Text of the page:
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Women's Sailing Prepares for National Championship Run

Senior Caroline Drury

Senior Caroline Drury

March 26, 2014

Written by senior Kristen Scott

The goal is clear: Win a National Championship. Boston College women's sailing teammates Caroline Drury, Elizabeth Barnard, Allison Ferraris, and Ally Donahue resounded in their aspirations to bring home a title.

"Everything we're doing is building up to Nationals," said junior Barnard.

"As a senior, I want to leave an impact and win nationals in my last year. I sail with [freshman] Ally Donahue, and I want to teach her what I can to improve the team for years to come," Drury said.

The last time the women's sailing won a ICSA/APS National Championship was 2012. Through March 12, the team was ranked sixth in the country. The 2014 ICSA Sperry Top-Sider National Championship runs from May 26-June 6 at Navy.

CONSISTENCY IS KEY

Junior Elizabeth Barnard


To make it to the national championship, consistency is necessary. Remaining consistent from race to race requires mental strength and resilience. Barnard and Donahue talked about the importance of staying the course during the spring season.

"We've really been working a lot at being consistent and disciplined. Because there are so many races that you add up together, taking it one race at a time is a good thing. You can't get down on yourself because of bad times or finishes. Just get right back at it. Each race is a new race." said Barnard.

"Something my dad has always said to me is that you can win any college regatta if you place all top fives. You need to stay consistent throughout the whole regatta. For us, we're trying to apply that and also stay consistent throughout the entire season," Donahue said.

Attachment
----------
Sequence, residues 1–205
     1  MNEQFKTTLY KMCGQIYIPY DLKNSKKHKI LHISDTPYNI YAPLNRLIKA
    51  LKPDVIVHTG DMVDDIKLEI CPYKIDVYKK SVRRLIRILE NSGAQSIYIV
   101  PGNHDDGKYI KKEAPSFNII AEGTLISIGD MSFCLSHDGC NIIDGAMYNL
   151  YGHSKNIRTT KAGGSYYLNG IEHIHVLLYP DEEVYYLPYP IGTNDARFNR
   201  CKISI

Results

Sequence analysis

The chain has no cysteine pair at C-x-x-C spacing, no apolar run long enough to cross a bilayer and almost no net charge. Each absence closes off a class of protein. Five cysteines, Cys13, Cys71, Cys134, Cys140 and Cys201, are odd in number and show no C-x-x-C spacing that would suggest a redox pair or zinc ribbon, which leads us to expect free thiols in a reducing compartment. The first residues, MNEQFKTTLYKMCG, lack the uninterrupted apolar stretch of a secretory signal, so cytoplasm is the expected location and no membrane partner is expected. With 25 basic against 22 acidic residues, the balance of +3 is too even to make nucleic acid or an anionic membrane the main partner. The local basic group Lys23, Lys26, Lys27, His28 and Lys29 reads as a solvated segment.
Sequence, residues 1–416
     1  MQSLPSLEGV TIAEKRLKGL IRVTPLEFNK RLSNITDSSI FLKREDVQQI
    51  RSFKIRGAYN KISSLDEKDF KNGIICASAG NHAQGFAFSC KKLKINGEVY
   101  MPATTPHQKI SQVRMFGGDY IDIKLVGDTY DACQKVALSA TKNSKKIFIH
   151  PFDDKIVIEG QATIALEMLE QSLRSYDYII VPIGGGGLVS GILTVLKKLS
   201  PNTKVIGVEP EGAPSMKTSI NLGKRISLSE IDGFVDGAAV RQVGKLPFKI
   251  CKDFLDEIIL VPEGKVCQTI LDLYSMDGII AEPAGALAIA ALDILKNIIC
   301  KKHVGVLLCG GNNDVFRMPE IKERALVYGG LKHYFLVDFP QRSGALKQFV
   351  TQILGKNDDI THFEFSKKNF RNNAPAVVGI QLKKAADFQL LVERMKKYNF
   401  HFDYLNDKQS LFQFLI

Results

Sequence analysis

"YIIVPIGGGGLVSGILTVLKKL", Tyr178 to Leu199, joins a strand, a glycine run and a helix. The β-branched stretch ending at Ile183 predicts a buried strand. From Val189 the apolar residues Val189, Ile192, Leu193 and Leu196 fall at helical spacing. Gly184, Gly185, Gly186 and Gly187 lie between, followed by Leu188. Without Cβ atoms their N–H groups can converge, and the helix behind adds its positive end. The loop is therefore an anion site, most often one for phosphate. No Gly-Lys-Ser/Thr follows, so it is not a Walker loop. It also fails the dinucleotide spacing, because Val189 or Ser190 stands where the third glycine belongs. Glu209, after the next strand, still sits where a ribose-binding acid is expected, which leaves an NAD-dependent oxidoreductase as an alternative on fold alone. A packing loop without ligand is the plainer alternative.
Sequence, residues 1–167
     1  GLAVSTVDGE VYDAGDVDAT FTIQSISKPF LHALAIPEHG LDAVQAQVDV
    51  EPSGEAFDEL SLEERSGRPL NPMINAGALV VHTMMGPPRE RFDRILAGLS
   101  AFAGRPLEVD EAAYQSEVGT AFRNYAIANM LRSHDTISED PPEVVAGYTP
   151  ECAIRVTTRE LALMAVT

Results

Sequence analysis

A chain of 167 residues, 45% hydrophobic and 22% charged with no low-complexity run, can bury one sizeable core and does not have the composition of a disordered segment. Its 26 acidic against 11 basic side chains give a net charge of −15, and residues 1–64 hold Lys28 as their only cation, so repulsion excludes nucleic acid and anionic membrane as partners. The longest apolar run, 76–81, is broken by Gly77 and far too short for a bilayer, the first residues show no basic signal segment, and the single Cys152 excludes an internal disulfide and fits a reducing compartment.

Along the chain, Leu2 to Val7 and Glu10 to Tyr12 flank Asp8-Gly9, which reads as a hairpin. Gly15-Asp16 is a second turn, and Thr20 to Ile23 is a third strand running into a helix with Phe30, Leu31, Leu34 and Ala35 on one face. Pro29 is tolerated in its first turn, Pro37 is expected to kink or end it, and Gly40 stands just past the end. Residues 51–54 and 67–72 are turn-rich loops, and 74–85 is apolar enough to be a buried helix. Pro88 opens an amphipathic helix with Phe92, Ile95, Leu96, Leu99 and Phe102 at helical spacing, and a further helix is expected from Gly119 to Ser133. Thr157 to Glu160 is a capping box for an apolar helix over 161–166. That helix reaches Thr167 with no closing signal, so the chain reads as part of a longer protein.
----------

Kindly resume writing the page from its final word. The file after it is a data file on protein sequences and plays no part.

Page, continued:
SAILING IN STYLES
Team racing is a different type of racing than the individual racing BC sailing competed in during the fall season. Throughout the entire offseason, the Eagles met to go over plays and strategies to adjust to the change in racing style. The women credit the preparation that head coach Greg Wilkinson provided.

"Greg is always happy to answer questions. It's a really big learning process. It's important to put in the time off the water, but to also take what I've learned into effect during practice," said freshman Ferraris.

"There's really no other school that compares to what they do here. Greg does everything. He'll work with you individually, as a boat, as a team, just everything," Donahue said.

HANDLING CONDITIONS

Freshman Allison Ferraris


New England springs hardly guarantee warm weather and smooth sailing. The team has to tailor its practice and training to ready itself for any type of conditions. Over spring break, the team traveled to Miami to train.

"Every day that you go sailing is different because so much depends on the conditions, so you kind of have to be ready for anything," said Barnard. "When the time comes at regattas or at Nationals, we can't control the conditions, but we can definitely control how we prepared."

"We have to use our time wisely at practice and know what we have to get done each day. We have to make the most of the time we have on the water. Our first practice we were only out there for an hour, but we worked on one thing and got really good at it," Drury explained.